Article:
Men’s Health Week: time to talk


Author, podcaster and holistic health coach Alex Holmes on the tiresome burden of masculinity and the importance of talking about men’s mental health

Images: Andy Commons

To mark Men’s Health Week (15th-21st June), holistic health coach Alex Holmes – a trainee therapist, author and podcaster working with men on their mental and emotional health – discusses why it’s time to talk about mental health. Alex is a welcome addition to the HSMA’s Green Door Clinic team and will be helping to co-facilitate a Wednesday evening men’s support group at the clinic.

The burden of masculinity
The burden of masculinity is tiresome. When men are, if ever, considering what it means to be a man, they come up against numerous barriers. The default man – the archetype to which all men must adhere – is not the man we typically see in the street. The default man is powerful, white, heterosexual, Christian, and asserts his masculinity in ways that people would say are looking for adoration. They are pillars of strength. But this pillar of strength is an illusion.

Back in 2017, on a Sunday in May at around 10am, I had a panic attack. I was two years into working as a newspaper journalist for a busy tabloid and I was consistently on high alert. I was struggling in the paper because I was constantly feeling under pressure and didn’t think I was good enough to be there, didn’t think I could do the job, didn’t think I would succeed... and it all piled on top of me.

Some people ask me how I know it was a panic attack. I tell them this: I don’t know if there are any Harry Potter fans in the room, but the Dementor attack was what this felt like. I felt helpless, and hopeless. I was stuck, scared and felt like I was losing my mind. I lost my breath, I could feel the hairs on my arms prick up. I couldn’t think clearly, I lost my footing, I wasn’t able to know exactly where I was. I was panicking. I froze at my desk. My editor was running around looking for someone to do a story, and it was at that moment the panic set in – the freeze moment.

Alex Holmes

Alex Holmes

Back in reality
My phone alert brought me back. It was my friend messaging me.

He asked how I was doing, and I told him – shallow breath, couldn’t focus – I thought I was having a panic attack. He told me to go somewhere quiet. I managed to slip out of the newsroom, and head to somewhere quiet. He counted me down and helped me regain my breathing. He helped me get grounded and realise where I was. Before I knew it, I recognised I was in the foyer. I was watching people go in and out for their coffee. I was back in reality.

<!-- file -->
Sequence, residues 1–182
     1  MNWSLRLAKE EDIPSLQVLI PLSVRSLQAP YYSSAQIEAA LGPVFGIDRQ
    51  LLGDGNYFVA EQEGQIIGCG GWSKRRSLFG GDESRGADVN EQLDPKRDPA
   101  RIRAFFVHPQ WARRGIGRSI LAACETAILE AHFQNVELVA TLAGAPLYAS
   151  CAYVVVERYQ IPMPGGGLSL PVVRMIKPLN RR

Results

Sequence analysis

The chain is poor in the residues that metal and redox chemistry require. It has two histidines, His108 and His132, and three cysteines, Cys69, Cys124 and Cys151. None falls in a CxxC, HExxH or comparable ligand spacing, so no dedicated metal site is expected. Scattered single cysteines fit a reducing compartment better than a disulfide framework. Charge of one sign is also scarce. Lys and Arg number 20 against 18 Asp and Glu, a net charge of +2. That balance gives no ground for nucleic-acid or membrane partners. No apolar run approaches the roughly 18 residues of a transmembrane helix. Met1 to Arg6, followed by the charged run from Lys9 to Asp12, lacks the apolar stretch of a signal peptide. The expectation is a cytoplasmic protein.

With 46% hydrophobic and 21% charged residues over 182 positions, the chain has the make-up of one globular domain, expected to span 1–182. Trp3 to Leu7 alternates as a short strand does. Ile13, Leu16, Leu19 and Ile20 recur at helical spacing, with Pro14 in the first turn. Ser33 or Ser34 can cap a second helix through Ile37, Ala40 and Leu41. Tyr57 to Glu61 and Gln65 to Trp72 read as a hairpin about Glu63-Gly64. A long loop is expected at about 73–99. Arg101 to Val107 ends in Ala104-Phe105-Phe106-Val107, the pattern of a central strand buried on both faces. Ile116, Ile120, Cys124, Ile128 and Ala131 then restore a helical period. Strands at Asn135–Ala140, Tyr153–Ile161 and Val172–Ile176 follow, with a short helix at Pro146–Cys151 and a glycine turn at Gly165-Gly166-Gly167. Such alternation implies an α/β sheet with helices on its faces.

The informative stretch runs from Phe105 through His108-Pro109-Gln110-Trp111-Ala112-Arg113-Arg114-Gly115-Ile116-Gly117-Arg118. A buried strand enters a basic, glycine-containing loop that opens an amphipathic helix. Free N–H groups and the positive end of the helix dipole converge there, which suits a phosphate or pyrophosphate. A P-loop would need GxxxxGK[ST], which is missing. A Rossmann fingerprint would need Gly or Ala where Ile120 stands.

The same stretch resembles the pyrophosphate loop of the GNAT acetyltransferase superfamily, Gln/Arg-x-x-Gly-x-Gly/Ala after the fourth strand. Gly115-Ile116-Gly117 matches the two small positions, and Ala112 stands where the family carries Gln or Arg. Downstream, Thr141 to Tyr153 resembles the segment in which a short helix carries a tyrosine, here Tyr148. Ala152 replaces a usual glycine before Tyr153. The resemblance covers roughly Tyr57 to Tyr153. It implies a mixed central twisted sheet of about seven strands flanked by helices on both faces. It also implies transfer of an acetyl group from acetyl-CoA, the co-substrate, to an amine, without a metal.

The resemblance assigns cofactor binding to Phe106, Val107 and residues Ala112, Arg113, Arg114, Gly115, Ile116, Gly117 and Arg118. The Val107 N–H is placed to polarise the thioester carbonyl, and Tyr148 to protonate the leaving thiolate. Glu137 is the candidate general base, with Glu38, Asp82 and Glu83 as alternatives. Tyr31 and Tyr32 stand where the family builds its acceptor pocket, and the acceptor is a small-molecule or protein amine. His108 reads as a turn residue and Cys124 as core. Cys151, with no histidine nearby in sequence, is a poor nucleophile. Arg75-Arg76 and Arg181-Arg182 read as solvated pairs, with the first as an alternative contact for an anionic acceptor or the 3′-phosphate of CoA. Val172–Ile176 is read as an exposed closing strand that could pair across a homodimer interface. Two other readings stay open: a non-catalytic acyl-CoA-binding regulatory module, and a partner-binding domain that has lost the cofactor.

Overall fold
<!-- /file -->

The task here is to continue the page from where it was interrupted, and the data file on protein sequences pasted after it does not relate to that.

According to, Black men are four times more likely to be arrested under the Mental Health Act, and 10 times more likely to be diagnosed with a serious mental health illness, and while women suffer from mental health issues in greater numbers, when it comes to suicides, men account for 75 per cent of the suicides in the UK. Suicide is the leading cause of death in men under the age of 45 in the UK and is growing in number among men between 45 and 55. Shockingly, every two hours a man takes his own life. Clearly, there are a number of issues when it comes to talking.

It was here that I felt the buck stopped with us as men. It was here that I realised it was time to talk about these issues now, or face a whole generation of men killing themselves, or being killed by the very system and structures that have been designed to protect us, because we do not talk about the issues that we are facing emotionally. This is why I wrote my book: Time to Talk: How Men Think About Love, Belonging and Connection.

Living with myths
Throughout the book, I unpack six myths about what it means to be a man: that real men don’t doubt themselves; real men are fearless go-getters; real men don’t cry; real men have no worries about their bodies; real men never fail; real men are lone wolves. I explore what it means to live with these myths and how they can cause men to feel alienated, lonely, disconnected. It is a manifesto for men – and women – about courageous conversations with love at its core.

The book explores vulnerability, love, body image, success and self-worth, self-doubt and self-acceptance, but the interesting part about writing it was exploring and debunking the myths that come with being a man.

I had two more panic attacks while working at the paper, and it wasn’t until I left that I realised how much of a traumatic experience it was for me to be there. I entered into therapy, and I learned that I had deep-rooted feelings of not being good enough. I kept telling myself I was never going to succeed. All of these self-limiting beliefs reigned in me until I realised that it really was time to talk about how we are really doing. 

The answer: let’s get serious about male mental health. It really is time to talk.

Alex Holmes hosts a podcast called Time To Talk, in which he hears from experts about how we can recover well, drive towards emotional maturity and expand our lives. He is the author of Time to Talk: How Men Think About Love, Belonging and Connection.